The Great Western Railway (GWR) increased Hamilton’s reputation as the country’s premier iron centre when it erected a rolling mill near this site in 1864. At one time, this site was a thriving centre of iron and steel production in the city.
By re-rolling its own rails, the Great Western Railway (GWR) hoped to realize substantial savings. Shortly after it opened, over 130 men worked in this part of Great Western’s industrial complex. The mill was closed in 1872 after foreign-produced steel began to replace wrought iron as the preferred material for rails.
A group of Ohio businessmen leased the idle mill in 1879 to take advantage of a new government tariff policy aimed at protecting Canadian manufacturers. The new Ontario Rolling Mill Company re-rolled old rails into iron bars and nails. Inside, scores of men employed as rollers, puddlers and heaters were often paid by the piece. The company’s directors helped form the Ontario Tack Company and the Hamilton Forge Company a few years later. These industries located themselves close to the rolling mill and used its products.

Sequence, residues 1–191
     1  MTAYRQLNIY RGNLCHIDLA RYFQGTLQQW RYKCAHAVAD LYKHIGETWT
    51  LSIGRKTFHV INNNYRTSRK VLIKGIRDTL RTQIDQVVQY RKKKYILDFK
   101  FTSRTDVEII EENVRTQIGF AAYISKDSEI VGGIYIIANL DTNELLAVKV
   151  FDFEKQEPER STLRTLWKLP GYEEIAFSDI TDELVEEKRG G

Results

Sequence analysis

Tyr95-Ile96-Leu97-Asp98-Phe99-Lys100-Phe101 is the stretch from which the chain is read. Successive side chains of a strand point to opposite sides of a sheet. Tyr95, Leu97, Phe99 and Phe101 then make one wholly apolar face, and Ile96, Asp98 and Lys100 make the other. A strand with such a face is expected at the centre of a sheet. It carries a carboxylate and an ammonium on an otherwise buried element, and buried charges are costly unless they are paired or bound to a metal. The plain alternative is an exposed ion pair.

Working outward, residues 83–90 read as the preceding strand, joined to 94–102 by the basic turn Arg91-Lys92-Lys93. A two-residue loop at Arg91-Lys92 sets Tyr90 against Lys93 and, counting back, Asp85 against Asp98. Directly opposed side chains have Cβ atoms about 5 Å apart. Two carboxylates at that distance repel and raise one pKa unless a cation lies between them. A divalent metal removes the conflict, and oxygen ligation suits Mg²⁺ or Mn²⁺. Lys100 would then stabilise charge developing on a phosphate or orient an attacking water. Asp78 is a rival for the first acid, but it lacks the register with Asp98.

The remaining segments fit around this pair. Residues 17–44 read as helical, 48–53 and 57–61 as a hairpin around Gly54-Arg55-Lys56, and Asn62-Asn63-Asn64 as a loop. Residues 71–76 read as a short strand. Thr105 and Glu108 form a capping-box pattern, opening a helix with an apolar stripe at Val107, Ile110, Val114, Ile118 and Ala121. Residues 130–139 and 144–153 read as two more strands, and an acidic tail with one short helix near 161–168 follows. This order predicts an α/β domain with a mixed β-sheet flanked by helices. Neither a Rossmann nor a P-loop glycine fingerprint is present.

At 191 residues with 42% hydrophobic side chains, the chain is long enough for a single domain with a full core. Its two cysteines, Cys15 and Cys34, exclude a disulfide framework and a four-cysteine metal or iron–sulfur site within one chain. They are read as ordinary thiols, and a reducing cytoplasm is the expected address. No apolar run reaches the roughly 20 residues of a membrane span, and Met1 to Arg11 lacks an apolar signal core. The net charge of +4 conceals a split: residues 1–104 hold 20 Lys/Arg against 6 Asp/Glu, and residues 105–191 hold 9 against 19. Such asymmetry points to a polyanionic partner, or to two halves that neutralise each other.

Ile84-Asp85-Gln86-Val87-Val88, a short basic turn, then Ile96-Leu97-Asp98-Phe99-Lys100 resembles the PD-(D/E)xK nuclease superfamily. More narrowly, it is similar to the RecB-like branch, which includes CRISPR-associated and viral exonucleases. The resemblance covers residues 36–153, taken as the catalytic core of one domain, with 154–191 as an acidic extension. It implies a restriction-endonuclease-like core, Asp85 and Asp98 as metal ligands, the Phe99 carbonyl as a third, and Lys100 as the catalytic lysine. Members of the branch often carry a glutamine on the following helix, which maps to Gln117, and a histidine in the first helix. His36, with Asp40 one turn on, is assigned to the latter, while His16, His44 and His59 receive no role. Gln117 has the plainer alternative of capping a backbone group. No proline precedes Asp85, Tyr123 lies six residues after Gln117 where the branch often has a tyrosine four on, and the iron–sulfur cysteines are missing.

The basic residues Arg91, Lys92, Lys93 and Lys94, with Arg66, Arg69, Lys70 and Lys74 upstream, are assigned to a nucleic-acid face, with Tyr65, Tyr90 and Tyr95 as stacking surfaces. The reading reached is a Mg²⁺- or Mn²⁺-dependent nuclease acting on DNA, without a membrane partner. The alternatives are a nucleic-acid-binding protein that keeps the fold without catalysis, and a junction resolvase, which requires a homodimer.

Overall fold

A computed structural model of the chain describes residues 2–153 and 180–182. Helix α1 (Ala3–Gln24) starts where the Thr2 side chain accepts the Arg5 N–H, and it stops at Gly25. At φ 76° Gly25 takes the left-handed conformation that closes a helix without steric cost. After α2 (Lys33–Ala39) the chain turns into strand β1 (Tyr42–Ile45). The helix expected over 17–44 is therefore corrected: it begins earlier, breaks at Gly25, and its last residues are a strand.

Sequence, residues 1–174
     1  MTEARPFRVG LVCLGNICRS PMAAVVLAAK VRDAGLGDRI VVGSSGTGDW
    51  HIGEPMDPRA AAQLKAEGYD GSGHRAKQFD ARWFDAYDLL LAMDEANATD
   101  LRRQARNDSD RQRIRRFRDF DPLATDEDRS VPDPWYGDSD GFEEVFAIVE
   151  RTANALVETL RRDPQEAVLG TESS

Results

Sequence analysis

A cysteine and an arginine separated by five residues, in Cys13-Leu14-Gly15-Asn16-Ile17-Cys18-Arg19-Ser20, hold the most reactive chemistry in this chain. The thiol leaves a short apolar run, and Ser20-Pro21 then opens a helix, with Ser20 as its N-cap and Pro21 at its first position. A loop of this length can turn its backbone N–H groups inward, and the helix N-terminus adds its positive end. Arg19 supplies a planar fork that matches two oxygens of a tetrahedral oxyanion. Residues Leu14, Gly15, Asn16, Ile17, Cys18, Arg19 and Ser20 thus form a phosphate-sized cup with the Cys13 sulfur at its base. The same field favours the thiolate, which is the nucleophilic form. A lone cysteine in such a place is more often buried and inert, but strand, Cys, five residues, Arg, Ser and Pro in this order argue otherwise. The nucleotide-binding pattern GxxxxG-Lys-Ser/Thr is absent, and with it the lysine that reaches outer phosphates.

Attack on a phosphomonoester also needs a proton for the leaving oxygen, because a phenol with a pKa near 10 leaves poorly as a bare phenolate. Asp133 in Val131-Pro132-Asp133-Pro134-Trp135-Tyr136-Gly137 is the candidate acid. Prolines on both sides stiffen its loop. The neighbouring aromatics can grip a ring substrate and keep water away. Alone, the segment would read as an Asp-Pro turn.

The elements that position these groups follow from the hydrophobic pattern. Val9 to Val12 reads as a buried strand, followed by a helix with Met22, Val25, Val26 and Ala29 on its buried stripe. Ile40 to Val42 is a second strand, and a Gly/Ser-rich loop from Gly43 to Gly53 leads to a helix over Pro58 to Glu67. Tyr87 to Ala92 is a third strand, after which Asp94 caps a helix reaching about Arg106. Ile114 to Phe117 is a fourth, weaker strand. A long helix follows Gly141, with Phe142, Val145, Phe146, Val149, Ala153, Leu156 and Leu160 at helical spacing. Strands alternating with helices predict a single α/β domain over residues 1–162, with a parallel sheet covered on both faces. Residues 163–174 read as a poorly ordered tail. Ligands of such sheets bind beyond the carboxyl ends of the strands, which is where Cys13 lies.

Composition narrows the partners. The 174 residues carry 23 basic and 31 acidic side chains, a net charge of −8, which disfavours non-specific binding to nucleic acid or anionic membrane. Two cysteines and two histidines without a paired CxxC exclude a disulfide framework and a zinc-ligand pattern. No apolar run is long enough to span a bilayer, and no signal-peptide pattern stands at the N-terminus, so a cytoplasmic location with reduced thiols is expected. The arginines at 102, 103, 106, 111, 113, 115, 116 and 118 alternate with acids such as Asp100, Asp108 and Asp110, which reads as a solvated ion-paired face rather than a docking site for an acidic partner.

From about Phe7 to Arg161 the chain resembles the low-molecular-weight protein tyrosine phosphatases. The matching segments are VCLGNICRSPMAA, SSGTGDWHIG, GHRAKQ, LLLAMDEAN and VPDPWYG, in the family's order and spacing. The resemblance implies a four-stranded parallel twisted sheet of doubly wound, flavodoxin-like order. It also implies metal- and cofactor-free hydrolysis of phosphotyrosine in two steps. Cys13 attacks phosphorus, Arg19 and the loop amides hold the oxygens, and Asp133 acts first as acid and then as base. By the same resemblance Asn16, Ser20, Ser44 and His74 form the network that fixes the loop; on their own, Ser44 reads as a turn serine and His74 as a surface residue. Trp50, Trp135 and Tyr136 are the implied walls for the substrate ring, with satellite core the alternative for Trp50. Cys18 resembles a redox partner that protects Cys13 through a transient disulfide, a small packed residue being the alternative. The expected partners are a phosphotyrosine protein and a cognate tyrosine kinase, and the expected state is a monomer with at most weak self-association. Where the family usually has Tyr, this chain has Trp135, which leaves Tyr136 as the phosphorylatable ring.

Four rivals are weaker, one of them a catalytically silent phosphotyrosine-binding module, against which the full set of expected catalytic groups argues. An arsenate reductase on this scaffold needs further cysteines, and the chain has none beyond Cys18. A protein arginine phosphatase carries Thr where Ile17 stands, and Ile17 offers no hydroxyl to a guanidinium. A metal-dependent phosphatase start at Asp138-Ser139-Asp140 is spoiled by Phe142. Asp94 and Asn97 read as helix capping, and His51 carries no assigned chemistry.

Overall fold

The rolling mill amalgamated with the Hamilton Blast Furnace Company in 1899 to become the Hamilton Iron and Steel Company (HISC). The HISC became the core of the new Steel Company of Canada (Stelco) following a series of mergers in 1910.
Benjamin Danforth started working in the rolling mill’s nail plant in the early 1880s. He made nails and tacks from nail plate provided by the rolling mills. Nailers worked 10-hour days. Their wages were based on the number of kegs of nails they produced. As was the custom, Danforth hired boys to help him with his work and paid them out of his wages.